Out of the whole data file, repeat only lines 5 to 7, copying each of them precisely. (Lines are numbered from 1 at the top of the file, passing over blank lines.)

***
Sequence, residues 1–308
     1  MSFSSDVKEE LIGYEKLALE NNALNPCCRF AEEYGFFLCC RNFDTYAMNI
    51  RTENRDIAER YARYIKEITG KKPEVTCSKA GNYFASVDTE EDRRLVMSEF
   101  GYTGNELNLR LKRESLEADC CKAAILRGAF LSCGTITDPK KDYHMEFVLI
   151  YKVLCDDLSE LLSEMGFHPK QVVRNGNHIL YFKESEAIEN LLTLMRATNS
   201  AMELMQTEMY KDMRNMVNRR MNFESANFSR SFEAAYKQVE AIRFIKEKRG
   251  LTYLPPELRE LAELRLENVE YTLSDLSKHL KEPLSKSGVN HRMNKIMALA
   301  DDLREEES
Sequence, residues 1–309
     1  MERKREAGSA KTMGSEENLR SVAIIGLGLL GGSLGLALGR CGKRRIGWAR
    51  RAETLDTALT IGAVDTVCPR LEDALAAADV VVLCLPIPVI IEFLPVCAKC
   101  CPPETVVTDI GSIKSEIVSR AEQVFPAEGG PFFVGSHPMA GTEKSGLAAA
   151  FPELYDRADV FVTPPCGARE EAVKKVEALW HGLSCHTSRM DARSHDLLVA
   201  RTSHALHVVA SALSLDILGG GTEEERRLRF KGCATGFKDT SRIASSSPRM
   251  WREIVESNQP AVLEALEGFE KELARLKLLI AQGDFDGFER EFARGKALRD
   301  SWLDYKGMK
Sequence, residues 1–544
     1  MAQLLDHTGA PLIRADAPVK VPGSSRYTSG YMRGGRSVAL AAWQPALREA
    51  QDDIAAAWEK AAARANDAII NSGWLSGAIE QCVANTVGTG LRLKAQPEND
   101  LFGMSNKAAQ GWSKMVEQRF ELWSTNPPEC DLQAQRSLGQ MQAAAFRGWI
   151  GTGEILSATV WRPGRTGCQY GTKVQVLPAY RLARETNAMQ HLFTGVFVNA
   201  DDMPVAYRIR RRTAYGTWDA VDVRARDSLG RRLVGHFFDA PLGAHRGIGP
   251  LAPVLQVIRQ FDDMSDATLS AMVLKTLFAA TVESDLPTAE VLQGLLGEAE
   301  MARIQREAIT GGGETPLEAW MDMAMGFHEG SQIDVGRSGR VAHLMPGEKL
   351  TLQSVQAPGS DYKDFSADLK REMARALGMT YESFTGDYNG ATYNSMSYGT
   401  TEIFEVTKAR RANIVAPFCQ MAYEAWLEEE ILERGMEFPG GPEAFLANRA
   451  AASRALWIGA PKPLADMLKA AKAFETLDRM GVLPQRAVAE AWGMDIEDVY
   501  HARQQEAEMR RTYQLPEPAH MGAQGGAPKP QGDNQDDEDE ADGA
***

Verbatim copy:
   151  YKVLCDDLSE LLSEMGFHPK QVVRNGNHIL YFKESEAIEN LLTLMRATNS
   201  AMELMQTEMY KDMRNMVNRR MNFESANFSR SFEAAYKQVE AIRFIKEKRG
   251  LTYLPPELRE LAELRLENVE YTLSDLSKHL KEPLSKSGVN HRMNKIMALA